“When I was working in France, I had opportunity to do some visitation in England and Germany and look behind the scenes of their medical care systems. When I developed appendicitis, I dosed myself with pain killers and antibiotics and caught a jet to the United States rather than go under the knife of any of my colleagues in Europe. They’re nice people; some of them were very well trained by European standards and they mean well, but I do not recommend any single-payer or universal medical system in the world. All of the ones I’ve seen are inadequate for anyone I love who has any illness requiring high-skilled treatment.” Rick (speaking as a doctor)

Potential Victories:

  • Halting federal funding of unPlanned Parenthood, the nation’s largest abortion mill
  • Offering states more flexibility in the operation of their Medicaid programs.
  • Expanding health savings accounts
  • Getting rid of the individual mandate
  • Opening insurance across state lines
  • Repealing Obamacare’s taxes

Pressure from conservative groups made the American Health Care Act, as presently conceived, a non-starter. That’s a good thing. The Affordable Care Act would have been a lot worse if it hadn’t been for the moderate Democrats who just couldn’t stomach its more socialist aspects. Democrats did not, despite prevailing mythology, compromise with the GOP in 2009. The GOP managed to pass some amendments, but they were all technical in nature – commas and spelling repair. The Democrats were forced to compromise with their own moderates.It only takes a few senators to hold an entire party’s golden goose hostage.

This time around, the GOP was confronted by the conservative Republicans of the Freedom Caucus, who rightly pointed out that the people did not sweep the GOP into office in order to “tweak” Obamacare. They voted for the GOP because the GOP promised to REPEAL Obamacare.

No federal entitlement has been repealed, replaced or even significantly modified after its passage, but this is the fight that caused Republicans to win majority control in 32 states, hundreds of seats in the House and Senate, and that nicely shaped office in the White House. So Republicans need to take a good hard look at where they stand right now. If they don’t have the strength of character to back of full repeal of Obamacare, then they were elected on a lie. Surely someone among them has a better idea than either the AHCA or the ACA.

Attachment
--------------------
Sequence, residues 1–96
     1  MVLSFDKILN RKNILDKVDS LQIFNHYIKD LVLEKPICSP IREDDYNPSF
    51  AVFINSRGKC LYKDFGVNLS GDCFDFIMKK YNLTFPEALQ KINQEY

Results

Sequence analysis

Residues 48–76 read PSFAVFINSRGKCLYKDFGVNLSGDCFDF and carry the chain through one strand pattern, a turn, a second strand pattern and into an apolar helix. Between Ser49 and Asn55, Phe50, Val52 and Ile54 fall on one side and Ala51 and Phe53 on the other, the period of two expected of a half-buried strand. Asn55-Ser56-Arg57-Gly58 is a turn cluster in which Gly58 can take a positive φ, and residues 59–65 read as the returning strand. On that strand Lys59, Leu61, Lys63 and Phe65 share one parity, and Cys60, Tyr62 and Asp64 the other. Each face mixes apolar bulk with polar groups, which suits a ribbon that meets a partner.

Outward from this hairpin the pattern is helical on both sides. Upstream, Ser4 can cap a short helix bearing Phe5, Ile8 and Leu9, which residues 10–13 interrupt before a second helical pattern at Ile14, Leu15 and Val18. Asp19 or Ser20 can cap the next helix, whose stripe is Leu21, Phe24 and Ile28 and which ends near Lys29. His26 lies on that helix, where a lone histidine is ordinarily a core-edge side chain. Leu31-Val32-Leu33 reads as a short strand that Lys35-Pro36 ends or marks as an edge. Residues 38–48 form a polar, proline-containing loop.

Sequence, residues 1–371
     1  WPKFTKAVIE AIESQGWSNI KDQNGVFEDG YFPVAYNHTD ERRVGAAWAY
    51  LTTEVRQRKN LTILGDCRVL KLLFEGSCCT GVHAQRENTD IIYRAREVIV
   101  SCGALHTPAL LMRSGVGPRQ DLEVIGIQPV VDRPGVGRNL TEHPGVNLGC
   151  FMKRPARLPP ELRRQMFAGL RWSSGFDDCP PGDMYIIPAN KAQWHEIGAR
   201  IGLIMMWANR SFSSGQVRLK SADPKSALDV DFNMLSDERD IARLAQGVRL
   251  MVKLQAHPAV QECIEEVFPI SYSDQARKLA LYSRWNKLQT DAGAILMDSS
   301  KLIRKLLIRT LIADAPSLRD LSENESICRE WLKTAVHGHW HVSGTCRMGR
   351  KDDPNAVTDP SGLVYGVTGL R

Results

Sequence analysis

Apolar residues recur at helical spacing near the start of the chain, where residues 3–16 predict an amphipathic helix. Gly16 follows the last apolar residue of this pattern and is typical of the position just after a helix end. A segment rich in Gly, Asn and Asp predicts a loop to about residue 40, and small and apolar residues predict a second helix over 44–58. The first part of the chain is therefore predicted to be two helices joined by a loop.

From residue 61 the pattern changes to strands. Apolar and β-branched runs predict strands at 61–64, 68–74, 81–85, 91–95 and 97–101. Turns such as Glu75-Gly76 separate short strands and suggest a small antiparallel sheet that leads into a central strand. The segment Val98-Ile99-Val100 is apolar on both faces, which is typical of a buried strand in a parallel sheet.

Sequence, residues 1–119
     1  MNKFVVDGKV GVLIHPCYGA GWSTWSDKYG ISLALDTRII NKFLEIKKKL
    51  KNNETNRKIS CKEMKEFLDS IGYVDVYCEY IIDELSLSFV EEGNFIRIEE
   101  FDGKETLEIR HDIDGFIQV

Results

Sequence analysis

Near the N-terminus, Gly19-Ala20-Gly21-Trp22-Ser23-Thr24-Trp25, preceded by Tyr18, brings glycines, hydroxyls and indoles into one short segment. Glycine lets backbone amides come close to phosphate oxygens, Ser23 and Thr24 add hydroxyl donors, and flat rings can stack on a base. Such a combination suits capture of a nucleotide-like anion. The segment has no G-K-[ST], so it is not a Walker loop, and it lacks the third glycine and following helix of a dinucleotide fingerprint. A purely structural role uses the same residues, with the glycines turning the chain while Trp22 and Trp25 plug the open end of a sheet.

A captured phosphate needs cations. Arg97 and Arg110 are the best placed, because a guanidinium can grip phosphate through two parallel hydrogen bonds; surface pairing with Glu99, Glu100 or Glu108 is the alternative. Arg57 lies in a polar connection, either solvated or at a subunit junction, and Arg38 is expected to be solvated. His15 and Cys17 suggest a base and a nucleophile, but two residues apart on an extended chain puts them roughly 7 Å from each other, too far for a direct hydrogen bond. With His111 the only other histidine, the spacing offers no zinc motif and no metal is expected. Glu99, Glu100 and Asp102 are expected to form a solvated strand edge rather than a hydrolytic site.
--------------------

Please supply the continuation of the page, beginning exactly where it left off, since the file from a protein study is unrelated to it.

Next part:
Republicans, please recognize that you were put into the position that you’re in right now by people who want to get rid of Obamacare. You shouldn’t allow yourselves to be intimidated by Democratic rhetoric that you’re going to kill Grandma and expose “the children” to the winter winds. We know they’re full of gas. They tried to convince the American people that Obamacare would be a political and economic success story even as the American voters argued that it wouldn’t be. Reality has shown the Democrats were phenomenally wrong and that the American people understand economics better than the elites. The voters who put you in office are not going to fall for a lecture about how unpopular a repeal bill will be. Feel free to pass a bill that incorporates the principles many GOP voters say they believe in.

 

REALLY! They’re behind you and even libertarians like Lela and doctors like Rick will cheer you on.

How Could They Make It Worse   Leave a comment

So when Rick and I started our series, we didn’t yet know what Congress was going to propose for certain, but they came out with the House plan now (March 8), so we decided to write up our impressions.

The draft House health insurance bill fails to correct the features of Obamacare that drove up health insurance and medical care costs and mainly just tweaks Obamacare’s financing and subsidy structure.

The bill focuses on protecting those who gained subsidized coverage through the law’s exchange subsidies and Medicaid expansion, while failing to correct Obamacare’s misguided insurance regulations that drove up premiums for Americans buying coverage without government subsidies.

 

The draft bill leaves Obamacare’s costly insurance regulations in place and attempts to offset those costs with the same basic approach.

Approximately 22 million individuals currently receive subsidized health insurance coverage through the exchanges (8 million) and the Medicaid expansion (14 million). For them, Obamacare’s higher insurance costs are offset by the law’s subsidies.

About 25 million Americans with unsubsidized individual-market coverage (10 million people) or small-employer plans (15+ million people) are the ones who most need relief from Obamacare that can only be supplied by repeal, and they probably don’t care about or for replacement. Their experience of Obamacare has basically been “all pain, no gain,” as they have been subjected to significant premium increases and coverage dislocations with no offsetting subsidies.

Unfortunately, the draft House bill provides no meaningful relief for that group of middle-class Americans who are most adversely affected by Obamacare and are most supportive of repeal.

The draft bill leaves Obamacare’s costly insurance regulations in place and attempts to offset those costs with even more subsidies.

The draft bill’s new Patient and State Stability Fund is particularly problematic. It would provide grants to states of up to a total of $100 billion over the nine years, 2018-2026. What are the significant problems with this new program? They’re substantial.

  • It substitutes new funding for old Obamacare funding without adequately addressing the misguided Obamacare insurance market rules and subsidy design that made the exchanges a magnet for high-cost patients. Those Obamacare mistakes created an insupportable burden on the individual insurance market by concentrating expensive patients in only that small portion of the total market.
  • Like Obamacare, it doesn’t actually reduce premiums, but rather uses subsidies to mask the effects of Obamacare provisions that drove up premiums in the first place.
  • It creates a new entitlement for states.